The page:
Iain Duncan Smith made no bones about the fact that he wanted to be controversial in his lecture at our awards ceremony for Britain's Most Admired Charities last week. He certainly succeeded: while a few guests found it hard to be in the same room afterwards, others rushed up to him to say they agreed with every word. The majority had a mixed reaction, assenting to some points but not others.
Duncan Smith's central thrust was that there is "an increasingly close relationship between big charity and government" and "a striking uniformity of world view in big charity". His challenge was that larger charities should learn from the experience of other countries and from successful smaller charities that think outside the box.
With public funds now providing 37 per cent of the voluntary sector's income, the question of independence from government is bound to weigh heavily on its collective mind. Some fear charities could become agents of the state, while others insist they can work for the state without compromising themselves. The arguments have different emphases in almost every case, and it's hard to generalise. But Duncan Smith has put his finger on a sensitive spot, over which the arguments will continue to ebb and flow.
On uniformity of world view, he said it's hard to find big children's charities that support marriage, development charities that promote abstinence to combat Aids or drugs charities that promote kicking the habit completely.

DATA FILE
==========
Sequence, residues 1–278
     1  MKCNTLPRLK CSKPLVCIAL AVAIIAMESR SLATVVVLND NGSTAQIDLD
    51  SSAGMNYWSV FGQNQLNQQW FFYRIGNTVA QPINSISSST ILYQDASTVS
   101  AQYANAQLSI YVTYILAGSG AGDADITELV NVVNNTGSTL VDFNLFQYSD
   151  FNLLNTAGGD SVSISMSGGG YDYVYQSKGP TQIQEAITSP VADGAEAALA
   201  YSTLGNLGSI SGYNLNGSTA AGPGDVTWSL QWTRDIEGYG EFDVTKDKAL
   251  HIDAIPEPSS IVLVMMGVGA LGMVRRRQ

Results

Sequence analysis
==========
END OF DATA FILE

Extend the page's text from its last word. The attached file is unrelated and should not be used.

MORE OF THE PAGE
Perhaps that's because experience shows that such strategies run against the grain of human behaviour in today's society and are usually doomed to failure. There will always be projects, often in a religious context, that manage to swim against the tide. But can they really be used as a wider template?
Duncan Smith encouraged donors to think more carefully about their donations and argued that this could be made easier by greater accountability and transparency among charities. Surveys show a certain wariness from the public about how their donations are used, so more encouragement for the nascent trend towards greater openness is definitely welcome.
As for the IDS proposal for 'stakeholder-directed funding', which would give users and local people a say in which voluntary bodies receive public funding, the jury stays out. When the joint funding inquiry by his Centre for Social Justice and the Centre for Policy Studies puts some flesh on the bones, we'll be in a better position to decide.